Date published:

May 10, 2021

What is a Forced Call on a Film Set?

Filmmakers are certainly busy individuals that work hard. Both cast and crew frequently find themselves working incredibly long hours on the set, more often than not, away from home. Because the industry is so busy, and the risks of overworking are so profound. Unions have rules in place to ensure film industry workers are afforded the appropriate amount of rest and relaxation that they so rightfully need, and deserve. Cast and crew are often on call and expected to show up on set at random crazy times. And it’s most definitely not at their leisure. But, when a forced call on the film set comes up? There’s a good chance that someone’s going to be in trouble!

What is a Forced Call?

A forced call is the term that is used to describe fast turnarounds for workers on film sets. Who work a “shift” and are then called back to work within a short (usually 12 hours) time period of their previously ended shift.

For union workers, a forced call is the term used to represent a violation of the mandatory rest period that is afforded to filmmakers (both cast and crew members) after a call. 

Essentially, a forced call acts as a rule. In which workers who have a call time that is less than 12 hours after their release. From their previous call duties the night before, may charge an added “penalty” fee.

Sometimes called a “short turnaround”. The forced call is basically a penalty that actors, cast members, and crew can charge studios for expecting them to appear back at work less than 12 hours after they left work the prior day.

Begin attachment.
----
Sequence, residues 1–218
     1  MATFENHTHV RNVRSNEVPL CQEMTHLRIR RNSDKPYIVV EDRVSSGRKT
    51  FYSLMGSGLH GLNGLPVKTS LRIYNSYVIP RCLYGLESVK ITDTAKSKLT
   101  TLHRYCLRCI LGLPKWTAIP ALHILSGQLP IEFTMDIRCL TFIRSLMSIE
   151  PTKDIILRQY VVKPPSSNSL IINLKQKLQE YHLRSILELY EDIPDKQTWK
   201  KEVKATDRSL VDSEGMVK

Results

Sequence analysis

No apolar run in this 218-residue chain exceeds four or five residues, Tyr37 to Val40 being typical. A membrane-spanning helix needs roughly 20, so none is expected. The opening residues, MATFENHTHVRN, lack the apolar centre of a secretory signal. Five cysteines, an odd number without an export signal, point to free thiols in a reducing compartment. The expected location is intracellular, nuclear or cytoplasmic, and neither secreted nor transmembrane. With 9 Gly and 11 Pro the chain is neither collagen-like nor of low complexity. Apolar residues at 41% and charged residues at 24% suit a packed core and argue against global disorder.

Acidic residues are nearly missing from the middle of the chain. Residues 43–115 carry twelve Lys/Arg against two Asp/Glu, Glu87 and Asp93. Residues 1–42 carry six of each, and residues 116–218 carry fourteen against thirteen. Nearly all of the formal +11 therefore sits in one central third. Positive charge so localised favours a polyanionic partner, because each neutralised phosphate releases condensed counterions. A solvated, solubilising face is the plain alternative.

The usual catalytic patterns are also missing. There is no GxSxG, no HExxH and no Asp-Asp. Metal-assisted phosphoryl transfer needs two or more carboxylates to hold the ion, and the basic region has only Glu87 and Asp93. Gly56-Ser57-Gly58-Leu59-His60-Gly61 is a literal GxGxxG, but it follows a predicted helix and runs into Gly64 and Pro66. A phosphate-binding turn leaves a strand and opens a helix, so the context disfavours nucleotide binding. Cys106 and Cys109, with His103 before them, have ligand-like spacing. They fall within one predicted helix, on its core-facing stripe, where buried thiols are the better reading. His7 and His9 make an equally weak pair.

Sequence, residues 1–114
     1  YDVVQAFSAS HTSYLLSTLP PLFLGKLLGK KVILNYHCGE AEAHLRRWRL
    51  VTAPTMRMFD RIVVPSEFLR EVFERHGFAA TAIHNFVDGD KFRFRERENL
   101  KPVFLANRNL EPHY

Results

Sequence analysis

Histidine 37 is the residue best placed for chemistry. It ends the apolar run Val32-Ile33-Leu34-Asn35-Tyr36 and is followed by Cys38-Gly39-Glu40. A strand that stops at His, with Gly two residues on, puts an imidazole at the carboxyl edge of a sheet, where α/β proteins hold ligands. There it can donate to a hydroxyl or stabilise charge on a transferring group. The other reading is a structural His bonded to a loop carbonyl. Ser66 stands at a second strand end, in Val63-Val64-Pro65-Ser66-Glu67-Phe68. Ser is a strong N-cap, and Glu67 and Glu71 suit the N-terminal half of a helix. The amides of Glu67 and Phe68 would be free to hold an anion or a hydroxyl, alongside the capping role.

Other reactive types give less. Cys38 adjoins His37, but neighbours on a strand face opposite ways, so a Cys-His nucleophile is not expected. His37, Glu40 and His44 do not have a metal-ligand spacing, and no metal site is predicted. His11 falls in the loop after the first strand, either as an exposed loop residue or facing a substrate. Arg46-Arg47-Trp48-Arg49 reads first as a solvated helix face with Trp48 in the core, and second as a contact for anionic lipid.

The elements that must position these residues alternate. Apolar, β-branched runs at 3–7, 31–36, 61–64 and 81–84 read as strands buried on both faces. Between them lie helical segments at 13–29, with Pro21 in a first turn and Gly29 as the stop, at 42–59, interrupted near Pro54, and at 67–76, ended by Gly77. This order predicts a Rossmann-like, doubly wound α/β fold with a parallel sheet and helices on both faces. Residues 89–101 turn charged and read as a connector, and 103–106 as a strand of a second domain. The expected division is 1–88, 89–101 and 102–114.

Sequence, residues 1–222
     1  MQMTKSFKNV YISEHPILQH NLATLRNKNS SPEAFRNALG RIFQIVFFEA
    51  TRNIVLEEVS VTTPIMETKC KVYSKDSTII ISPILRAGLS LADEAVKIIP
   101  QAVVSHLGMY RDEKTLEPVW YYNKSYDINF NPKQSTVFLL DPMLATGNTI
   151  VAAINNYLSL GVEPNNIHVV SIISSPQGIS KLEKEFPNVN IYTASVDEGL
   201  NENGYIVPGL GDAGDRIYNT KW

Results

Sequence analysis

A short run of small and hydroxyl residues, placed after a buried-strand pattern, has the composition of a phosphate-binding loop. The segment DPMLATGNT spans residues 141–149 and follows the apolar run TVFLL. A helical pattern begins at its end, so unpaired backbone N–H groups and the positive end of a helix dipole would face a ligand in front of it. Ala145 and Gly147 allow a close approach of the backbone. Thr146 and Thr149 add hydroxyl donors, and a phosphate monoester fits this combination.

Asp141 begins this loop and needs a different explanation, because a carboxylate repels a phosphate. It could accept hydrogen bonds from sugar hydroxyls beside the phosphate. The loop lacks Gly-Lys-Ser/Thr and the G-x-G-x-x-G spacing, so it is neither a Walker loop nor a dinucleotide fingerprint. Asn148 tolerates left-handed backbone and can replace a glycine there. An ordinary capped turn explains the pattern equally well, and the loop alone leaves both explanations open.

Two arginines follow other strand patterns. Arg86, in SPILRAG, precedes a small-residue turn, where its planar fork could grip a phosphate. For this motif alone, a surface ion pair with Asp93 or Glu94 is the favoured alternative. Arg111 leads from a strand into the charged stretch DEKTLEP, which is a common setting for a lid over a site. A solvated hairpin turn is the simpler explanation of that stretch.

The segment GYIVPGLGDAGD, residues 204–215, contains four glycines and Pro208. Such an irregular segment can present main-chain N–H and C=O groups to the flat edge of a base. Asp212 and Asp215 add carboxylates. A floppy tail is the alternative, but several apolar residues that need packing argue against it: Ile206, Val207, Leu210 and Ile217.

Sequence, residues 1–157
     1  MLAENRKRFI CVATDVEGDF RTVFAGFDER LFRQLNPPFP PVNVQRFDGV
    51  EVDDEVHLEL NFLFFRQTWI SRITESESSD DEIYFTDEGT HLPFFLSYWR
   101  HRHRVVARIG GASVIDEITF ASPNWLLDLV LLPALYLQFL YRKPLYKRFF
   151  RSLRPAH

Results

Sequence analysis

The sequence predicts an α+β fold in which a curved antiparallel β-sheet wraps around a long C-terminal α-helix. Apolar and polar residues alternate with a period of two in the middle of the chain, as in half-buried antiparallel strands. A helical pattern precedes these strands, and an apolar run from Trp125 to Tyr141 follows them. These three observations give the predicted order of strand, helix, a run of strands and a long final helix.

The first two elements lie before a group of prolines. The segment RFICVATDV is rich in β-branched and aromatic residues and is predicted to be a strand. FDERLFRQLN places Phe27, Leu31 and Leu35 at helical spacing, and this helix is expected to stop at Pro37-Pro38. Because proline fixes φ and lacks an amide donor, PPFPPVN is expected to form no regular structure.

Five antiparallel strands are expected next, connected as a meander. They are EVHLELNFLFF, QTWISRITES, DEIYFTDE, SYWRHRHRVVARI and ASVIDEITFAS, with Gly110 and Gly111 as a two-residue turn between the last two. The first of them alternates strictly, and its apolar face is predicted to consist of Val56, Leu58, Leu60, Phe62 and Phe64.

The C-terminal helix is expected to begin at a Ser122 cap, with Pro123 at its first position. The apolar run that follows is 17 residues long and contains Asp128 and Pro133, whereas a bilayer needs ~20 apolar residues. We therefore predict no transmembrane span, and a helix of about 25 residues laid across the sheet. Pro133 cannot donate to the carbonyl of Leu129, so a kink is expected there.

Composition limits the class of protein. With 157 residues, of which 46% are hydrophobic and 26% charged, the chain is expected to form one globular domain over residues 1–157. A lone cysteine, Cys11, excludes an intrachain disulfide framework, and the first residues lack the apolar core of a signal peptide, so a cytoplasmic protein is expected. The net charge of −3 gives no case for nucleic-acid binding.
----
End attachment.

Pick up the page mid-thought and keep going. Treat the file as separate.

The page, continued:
Unions and Forced Call

So, what does a union have to do with a forced call on a film set? A lot actually! The unions stand behind those who are contracted to work through them and require employers to follow the rules.

This includes providing mandatory rest periods for employees and contractors who perform work for vendors. For example, SAG-AFTRA has mandatory rest periods.

For which, any failure to provide the adequate time of rest in between work days. Also known as calls. This can result in a forced call penalty for the vendor. 

According to this particular union, performers are provided daily rest periods when contracted as day, 3-day (TV only),  and weekly performers. Under these circumstances, vendors must provide 12 hours (or in some cases 11 hours) of rest in between scheduled calls for performers or else they risk forced call penalties.

Penalties

Under these contracts, forced call violation penalties can cost the vendor a full day-rate up to $900. Whichever is less. But that’s for every violation that occurs.

Forced calls provide the crew member very little time to do much more than drive home, eat, and basically sleep for six hours before going back to the set. It’s a recipe for misery, exhaustion, and mistakes – but it’s also a recipe for a forced call penalty!

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